Vol. 3 No. 1 (2021)
Undergraduate

Impact of Barred Owls on Northern Spotted Owls

Kayla Breunig
The University of Dubuque

Published 2017-10-10 — Updated on 2021-04-13

Versions

Keywords

  • barred owl,
  • northern spotted owl,
  • invasive species,
  • superspecies

Abstract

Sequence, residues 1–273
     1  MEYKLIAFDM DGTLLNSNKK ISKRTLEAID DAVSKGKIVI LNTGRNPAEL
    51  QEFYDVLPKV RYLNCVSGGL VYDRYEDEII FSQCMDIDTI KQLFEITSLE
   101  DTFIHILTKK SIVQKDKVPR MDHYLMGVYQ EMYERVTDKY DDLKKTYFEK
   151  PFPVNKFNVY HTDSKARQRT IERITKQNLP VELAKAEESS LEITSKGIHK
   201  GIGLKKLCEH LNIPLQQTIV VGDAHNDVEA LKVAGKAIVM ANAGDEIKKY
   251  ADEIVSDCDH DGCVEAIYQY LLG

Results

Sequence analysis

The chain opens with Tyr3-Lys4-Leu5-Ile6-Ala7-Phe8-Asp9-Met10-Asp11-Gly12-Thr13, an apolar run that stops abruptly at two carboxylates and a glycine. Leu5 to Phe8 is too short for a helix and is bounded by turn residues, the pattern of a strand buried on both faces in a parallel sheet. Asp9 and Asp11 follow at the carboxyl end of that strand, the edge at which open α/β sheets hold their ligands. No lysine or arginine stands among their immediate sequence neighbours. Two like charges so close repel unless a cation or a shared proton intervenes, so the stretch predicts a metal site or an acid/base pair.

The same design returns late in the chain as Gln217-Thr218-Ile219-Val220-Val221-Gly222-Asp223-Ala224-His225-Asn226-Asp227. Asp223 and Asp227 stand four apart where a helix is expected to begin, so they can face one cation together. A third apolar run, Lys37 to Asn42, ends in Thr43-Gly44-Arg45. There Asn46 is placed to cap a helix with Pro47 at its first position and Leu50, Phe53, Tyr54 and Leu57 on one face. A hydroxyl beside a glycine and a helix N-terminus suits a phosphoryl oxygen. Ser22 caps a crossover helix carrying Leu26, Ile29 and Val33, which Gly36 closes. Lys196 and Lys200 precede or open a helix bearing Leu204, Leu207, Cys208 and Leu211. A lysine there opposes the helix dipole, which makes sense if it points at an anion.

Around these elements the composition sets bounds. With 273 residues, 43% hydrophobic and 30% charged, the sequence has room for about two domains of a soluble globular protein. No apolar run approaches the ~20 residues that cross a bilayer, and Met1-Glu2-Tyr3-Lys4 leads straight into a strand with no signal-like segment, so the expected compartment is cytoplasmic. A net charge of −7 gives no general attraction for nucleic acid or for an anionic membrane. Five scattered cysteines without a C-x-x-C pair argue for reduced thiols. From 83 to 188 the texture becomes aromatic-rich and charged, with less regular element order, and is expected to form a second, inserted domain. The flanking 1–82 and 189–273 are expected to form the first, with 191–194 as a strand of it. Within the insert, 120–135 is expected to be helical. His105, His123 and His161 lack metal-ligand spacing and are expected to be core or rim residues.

The fight to preserve the northern spotted owl has been ongoing since the 1980’s when millions of acres of old growth forests in the Pacific Northwest were lost to logging companies. The logging was halted in 1990 when the United States government listed the northern spotted owl as an endangered species. Even with these laws in place that conserved their habitat, the northern spotted owl still continued to decline due to the recent invasion of barred owls into the Pacific Northwest forests. These two owls are considered superspecies and have very similar niches in habitat and diet preferences that has led to direct competition between them that the barred owl has appeared to dominate in so far. Many are now looking into the best way to control and decrease the influx barred owls. The most popular solution to this issue is the culling of barred owls, but that has led to questions on the ethics of culling an invasive species and how it will impact management of invasive species throughout the world.